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Arams, Nathan. "From Madness to Dysentery: mad’s other new york intellectuals." Journal of American Studies 37. (2003): 435–51. 
Added by: joachim (8/19/22, 9:28 AM)   Last edited by: joachim (8/19/22, 9:31 AM)
Resource type: Journal Article
Language: en: English
Peer reviewed
DOI: 10.1017/S0021875803007175
BibTeX citation key: Arams2003
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Categories: General
Keywords: "Mad Magazine", Counter culture, Satire, USA
Creators: Arams
Collection: Journal of American Studies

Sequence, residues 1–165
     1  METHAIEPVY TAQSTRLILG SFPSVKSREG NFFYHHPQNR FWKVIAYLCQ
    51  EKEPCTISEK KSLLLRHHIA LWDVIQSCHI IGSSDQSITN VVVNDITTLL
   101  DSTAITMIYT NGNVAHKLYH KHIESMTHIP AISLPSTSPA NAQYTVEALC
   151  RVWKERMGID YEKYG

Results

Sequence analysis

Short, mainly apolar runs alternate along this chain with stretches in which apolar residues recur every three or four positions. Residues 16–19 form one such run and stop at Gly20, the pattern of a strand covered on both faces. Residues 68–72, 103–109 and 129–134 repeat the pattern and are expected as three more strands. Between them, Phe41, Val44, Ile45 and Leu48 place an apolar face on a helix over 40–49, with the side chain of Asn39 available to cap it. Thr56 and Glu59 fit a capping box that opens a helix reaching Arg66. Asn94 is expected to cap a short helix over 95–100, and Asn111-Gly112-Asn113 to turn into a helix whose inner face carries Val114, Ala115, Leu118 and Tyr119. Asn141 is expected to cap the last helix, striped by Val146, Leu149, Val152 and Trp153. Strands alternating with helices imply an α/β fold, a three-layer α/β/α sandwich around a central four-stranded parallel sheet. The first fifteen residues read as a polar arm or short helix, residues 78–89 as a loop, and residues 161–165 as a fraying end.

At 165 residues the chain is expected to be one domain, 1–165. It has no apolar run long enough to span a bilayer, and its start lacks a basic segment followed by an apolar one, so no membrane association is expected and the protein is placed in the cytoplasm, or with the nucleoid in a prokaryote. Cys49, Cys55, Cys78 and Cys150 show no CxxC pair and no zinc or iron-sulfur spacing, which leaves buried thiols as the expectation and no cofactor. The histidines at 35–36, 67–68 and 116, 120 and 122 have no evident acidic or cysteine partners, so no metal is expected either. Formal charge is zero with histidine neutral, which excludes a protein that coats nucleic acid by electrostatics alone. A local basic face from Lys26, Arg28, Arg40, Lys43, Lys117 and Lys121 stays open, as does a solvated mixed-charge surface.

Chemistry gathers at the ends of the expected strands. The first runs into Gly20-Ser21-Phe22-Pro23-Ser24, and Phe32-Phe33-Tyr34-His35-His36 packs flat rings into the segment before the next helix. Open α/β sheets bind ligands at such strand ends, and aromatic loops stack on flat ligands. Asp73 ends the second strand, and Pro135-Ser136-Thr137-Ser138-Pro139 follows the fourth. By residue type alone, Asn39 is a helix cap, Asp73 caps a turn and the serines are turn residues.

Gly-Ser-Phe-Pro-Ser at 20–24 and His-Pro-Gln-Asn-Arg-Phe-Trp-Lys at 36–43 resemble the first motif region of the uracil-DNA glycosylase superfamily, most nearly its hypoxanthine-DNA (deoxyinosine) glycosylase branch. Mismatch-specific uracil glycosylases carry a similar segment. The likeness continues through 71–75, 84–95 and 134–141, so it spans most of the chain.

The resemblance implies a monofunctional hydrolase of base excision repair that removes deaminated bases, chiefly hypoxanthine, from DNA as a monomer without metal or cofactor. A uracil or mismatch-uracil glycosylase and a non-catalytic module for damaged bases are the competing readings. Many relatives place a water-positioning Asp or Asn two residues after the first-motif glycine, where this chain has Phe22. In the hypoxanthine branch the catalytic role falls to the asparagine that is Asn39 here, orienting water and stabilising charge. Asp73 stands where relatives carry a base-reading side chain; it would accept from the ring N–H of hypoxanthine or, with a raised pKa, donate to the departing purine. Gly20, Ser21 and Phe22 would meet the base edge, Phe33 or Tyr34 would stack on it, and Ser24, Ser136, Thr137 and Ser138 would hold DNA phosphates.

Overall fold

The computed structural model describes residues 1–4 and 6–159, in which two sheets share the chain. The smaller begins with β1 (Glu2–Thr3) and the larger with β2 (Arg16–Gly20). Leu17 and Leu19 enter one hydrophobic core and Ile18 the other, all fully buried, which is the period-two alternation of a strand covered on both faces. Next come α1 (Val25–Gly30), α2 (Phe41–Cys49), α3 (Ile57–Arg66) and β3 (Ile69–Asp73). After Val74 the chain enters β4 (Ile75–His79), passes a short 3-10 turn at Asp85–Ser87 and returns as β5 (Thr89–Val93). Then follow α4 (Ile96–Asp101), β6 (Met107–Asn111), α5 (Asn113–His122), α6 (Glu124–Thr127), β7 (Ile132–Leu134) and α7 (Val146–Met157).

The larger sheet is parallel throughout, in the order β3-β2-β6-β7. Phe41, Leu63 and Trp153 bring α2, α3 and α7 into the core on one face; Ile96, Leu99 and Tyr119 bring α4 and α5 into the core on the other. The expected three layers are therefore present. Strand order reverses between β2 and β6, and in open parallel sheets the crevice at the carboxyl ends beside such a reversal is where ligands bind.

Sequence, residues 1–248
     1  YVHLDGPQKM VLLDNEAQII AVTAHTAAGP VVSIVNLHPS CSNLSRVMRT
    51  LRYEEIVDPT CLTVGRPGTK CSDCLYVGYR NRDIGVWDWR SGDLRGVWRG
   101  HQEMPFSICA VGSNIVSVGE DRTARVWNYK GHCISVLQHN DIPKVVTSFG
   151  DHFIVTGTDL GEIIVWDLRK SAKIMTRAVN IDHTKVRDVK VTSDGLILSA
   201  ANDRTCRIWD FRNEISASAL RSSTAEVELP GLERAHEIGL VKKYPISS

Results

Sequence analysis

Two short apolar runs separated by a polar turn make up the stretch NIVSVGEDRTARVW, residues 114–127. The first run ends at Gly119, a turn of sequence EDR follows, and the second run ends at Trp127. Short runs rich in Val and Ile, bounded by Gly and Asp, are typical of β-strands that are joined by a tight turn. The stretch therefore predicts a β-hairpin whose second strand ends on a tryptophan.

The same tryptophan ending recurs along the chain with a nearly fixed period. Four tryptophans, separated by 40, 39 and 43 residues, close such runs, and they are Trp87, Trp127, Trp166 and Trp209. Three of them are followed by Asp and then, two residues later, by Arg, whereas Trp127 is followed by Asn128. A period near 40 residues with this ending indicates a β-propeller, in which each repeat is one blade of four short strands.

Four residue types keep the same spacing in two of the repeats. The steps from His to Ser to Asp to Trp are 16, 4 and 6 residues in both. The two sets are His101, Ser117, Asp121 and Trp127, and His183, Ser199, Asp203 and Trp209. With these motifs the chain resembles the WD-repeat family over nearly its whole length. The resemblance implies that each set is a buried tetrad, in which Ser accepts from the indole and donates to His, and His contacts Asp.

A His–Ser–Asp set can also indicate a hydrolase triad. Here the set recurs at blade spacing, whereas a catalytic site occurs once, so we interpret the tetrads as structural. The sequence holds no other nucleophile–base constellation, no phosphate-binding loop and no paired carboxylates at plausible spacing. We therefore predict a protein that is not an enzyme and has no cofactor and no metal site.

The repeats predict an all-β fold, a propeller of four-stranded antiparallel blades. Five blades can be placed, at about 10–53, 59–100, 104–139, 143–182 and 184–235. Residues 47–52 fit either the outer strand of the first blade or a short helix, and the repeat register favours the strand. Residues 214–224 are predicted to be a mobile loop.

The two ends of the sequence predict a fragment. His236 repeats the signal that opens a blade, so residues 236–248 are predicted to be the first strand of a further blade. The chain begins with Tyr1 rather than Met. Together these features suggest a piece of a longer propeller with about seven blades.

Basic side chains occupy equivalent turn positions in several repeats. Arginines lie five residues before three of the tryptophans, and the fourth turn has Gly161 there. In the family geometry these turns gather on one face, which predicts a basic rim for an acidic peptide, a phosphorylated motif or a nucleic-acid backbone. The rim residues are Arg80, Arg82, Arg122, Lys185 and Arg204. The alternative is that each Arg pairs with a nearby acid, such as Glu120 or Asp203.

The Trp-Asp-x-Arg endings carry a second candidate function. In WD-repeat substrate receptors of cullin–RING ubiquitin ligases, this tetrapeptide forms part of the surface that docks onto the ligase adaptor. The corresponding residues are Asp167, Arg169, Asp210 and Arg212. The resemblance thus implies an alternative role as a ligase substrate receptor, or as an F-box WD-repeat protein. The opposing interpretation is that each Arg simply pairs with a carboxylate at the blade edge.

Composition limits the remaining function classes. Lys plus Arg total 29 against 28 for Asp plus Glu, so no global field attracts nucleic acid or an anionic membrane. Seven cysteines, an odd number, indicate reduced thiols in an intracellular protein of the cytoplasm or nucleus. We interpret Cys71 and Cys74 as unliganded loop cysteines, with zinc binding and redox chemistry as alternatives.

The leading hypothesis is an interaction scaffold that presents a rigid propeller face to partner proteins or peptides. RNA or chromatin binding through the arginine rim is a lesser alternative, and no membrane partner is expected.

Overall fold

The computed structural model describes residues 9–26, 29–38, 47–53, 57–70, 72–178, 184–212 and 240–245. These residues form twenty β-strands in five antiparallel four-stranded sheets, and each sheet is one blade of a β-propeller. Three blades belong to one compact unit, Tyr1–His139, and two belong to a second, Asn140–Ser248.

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One of the most curiously overlooked publishing phenomena of the 1950s was the appearance of the comic book Mad in October 1952 which “burst forth full blown from nowhere on an unsuspecting comic book reading public” into the midst of the domestic Cold War. In 1959 Newsweek observed that “Mad each month sticks a sharp-pronged fork into some part of the social anatomy” while Gloria Steinem recalled: “There was a spirit of satire and irreverence in Mad that was very important, and it was the only place you could find it in the '50s.” And even Marshall McLuhan considered Mad worthy of mention in his influential study, Understanding Media. Noting its “sudden eminence,” he attributed this to its “ludicrous and cool replay of the forms of the hot media of photo, radio, and film.” Surprisingly, very little attention has been paid towards Mad beyond its own retrospective publications, one book, and several short articles. This is unfortunate since the comic provides a sharply satiric, yet extremely perceptive insight into many aspects of Cold War America during the 1950s. Furthermore, as I shall argue, those who wrote and drew for Mad formed an alternative New York intellectual circle to that which is commonly written about. Mad's critique of America was far more effective and devastating than their better-known counterparts and consequently, Mad deserves credit as one of the sources of the counterculture of the 1960s.
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